By Shanuki De Alwis
Sometimes, it pays to be a writer. It pays doubly when you clinch yourself a client who owns a treehouse. That’s right… a TREEHOUSE. The stuff of childhood fantasies, the mere mention of which spews forth pulse-accelerating visual imagery of sipping iced tea atop a breezy canopy of green alongside a companion rhesus monkey, whilst Tarzan swings by to cook, clean and feed you freshly plucked grapes from the trellis roof over your head.
Needlessly to say, a certain copious amount of adrenaline did rush when Saraii Village, a treetop eco-hotel of considerable good repute, came calling for some help on developing content for its website. The opportunist within immediately overtook and negotiation ensued to agree on a contra-deal of a free stay at the hotel in exchange for said literary services. Terms were agreed upon and both parties delighted on the deal of a century. Thus bags were speedily packed – they would not, as hoped, allow attire to be strictly foliage – in pursuit of rediscovering my inner infant and the possibility of bringing home a rather delectable feral man raised in the jungles by apes.
The hotel is nestled in the heart of sleepy Weerawila, just outside Hambantota. The ‘jungle’ turned out to be a surprisingly beautiful vista of evergreen trees painstakingly hand-planted and nurtured by the property’s owner, long before the idea of an eco- hotel came into being. It provides the ideal backdrop for the concept of a sustainable agro-forestry enterprise that Saraii – named after the Hebrew word for ‘essence’ – set out to be. But if the land was enchanting, then the accommodation built upon it was nothing short of breathtaking. For a girl who considers cities to be as loathsome as a dung-heap crawling with maggots, the awe-inspiring two-stories structures of bamboo and wood that make up Saraii’s tree house suites were magical. The use of re-purposed wood and sustainable architecture grabbed this tree-hugger’s heart, whilst the airy, rustic-but-yet-luxurious interiors and stunning 360 degree views just made the loins squeal in glee. If Enid Blyton had visited Saraii, there would have been a new breed of best-selling books by now. Alongside these magnificent tree houses are a series of quaint mud huts built to mimic authentic Sri Lankan wattle and daub homes. These too, exude charm and character whilst not skimping on a fabulously comfortable experience.
It would have been easy to simply curl up in my treehouse’s giant four-poster bed and watch the soft breeze playing with the wispy curtains or listen to the twitter gossip around me, courtesy of the myriad of brightly coloured birds casually dropping by for visits. The temptation to put down roots for the entirety of the stay was immense. However, explorations when travelling are a must and Saraii does not disappoint on that front. For the intrepid cultural traveler, perusing the menu of experiences on offer felt like being asked to choose between one half of Disneyland and the other; you know you don’t have time to go on all the rides, but you want to nevertheless. After much fuss, contemplation and elimination, a variety of excursions was finally decided upon and the next two days packed to the brim with memorable picnic breakfasts by a lake, boat rides, lunch with farmers, curd making, pottery, palmyrah weaving, boat rides, village hopping, cookery demonstrations and even one particularly exciting event where Yours Truly learned to ride a bicycle for the first time in her life since the days of guard wheels and handle ribbons. Even the staff at Saraii Village, indulgent and polite as they were, couldn’t help guffawing at the site of a hefty middle-aged aunty peddling furiously around the property to the tune of her happy shrieks. With the days spent exhausting every muscle and ounce of energy on rediscovering the beauty of rural life in Sri Lanka and the evening dedicated to marveling at the glittering night sky from the poolside alfresco dining spot (three whole shooting stars were sighted, and not because of any alcoholic beverage), it is difficult to express the sheer magic of the weekend spent at Saraii Village. One can only encourage you to visit, and see, hear, taste and delight for yourself.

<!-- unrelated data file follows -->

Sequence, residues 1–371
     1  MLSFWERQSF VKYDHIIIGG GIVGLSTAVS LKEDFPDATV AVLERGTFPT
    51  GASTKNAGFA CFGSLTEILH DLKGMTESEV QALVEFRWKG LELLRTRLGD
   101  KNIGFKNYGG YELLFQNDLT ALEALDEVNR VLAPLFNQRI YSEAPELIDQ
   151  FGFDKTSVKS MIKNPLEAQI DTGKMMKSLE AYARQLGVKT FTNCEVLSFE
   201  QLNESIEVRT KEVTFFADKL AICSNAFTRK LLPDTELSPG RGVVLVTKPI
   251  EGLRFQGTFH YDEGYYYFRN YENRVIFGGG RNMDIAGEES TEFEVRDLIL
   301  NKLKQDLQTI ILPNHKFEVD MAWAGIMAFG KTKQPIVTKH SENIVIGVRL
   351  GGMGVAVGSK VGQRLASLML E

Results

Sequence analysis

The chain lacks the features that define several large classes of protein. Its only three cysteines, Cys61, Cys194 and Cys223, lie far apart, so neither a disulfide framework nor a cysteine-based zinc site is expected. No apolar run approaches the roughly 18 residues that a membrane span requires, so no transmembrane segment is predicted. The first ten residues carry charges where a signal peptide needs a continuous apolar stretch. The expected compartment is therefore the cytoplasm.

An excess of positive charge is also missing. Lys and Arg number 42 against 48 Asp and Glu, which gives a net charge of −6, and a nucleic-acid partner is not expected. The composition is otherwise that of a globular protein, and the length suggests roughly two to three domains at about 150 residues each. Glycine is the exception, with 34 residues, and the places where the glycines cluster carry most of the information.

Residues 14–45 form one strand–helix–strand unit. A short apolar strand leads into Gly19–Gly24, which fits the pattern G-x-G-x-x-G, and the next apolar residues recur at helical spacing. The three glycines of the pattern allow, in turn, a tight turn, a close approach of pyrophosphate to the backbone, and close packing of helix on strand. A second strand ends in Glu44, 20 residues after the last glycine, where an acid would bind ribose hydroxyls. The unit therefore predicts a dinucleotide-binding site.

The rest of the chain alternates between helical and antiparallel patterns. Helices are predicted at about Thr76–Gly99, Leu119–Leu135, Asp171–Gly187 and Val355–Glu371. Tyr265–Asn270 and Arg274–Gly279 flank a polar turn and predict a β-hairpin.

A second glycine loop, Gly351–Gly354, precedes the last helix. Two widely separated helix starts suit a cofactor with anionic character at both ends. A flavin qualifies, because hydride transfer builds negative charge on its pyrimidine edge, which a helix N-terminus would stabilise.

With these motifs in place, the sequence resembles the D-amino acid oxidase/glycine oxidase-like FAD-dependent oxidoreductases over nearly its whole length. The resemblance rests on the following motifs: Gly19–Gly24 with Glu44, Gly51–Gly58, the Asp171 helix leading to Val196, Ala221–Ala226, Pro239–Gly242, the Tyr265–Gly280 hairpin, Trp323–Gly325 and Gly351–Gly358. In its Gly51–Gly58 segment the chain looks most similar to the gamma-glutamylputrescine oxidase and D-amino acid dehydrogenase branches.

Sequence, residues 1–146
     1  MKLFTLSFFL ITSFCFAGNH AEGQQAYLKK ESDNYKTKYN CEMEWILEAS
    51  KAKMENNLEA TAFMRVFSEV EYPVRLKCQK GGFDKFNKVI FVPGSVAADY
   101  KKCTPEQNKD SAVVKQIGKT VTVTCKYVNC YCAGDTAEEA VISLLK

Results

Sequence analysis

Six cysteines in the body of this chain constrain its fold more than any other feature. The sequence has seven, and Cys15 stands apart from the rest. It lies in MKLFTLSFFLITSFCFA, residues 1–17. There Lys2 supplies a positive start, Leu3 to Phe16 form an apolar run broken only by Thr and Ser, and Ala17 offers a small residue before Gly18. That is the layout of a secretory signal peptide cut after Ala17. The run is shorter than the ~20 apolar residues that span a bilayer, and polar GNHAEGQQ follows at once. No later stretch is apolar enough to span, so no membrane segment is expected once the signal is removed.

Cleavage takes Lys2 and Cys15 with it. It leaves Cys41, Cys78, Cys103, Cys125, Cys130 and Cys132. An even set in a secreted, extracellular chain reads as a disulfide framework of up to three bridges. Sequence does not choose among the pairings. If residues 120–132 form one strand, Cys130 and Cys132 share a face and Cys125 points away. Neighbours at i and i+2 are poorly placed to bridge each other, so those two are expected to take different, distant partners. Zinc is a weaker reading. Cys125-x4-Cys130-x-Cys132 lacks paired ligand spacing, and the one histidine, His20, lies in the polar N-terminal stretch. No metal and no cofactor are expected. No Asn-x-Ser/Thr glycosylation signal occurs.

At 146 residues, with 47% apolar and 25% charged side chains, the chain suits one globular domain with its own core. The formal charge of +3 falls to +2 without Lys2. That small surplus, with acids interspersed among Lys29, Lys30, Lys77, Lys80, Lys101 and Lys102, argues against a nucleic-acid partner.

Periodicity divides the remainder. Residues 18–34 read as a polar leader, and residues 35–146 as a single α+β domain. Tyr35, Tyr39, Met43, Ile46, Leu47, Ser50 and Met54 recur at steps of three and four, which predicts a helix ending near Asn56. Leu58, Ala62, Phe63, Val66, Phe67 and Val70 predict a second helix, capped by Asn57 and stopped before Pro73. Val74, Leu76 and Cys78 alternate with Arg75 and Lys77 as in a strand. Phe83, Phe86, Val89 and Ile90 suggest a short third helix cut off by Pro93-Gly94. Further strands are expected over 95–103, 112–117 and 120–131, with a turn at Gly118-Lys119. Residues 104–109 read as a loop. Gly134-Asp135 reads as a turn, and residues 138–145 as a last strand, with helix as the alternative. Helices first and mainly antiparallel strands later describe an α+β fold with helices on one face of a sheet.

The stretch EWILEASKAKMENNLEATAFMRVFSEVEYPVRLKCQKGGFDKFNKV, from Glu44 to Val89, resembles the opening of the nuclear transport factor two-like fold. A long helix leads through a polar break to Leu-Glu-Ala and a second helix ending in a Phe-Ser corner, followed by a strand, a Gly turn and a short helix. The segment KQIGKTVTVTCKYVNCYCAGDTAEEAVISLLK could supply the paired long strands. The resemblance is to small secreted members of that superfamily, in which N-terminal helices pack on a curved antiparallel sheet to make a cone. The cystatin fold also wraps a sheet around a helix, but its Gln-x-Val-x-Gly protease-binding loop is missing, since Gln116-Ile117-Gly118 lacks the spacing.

Three days after returning to dreary Colombo and surviving withdrawal symptoms, realization hit that amongst all of the wonder experienced, Tarzan never showed up as expected. Oh well…his loss.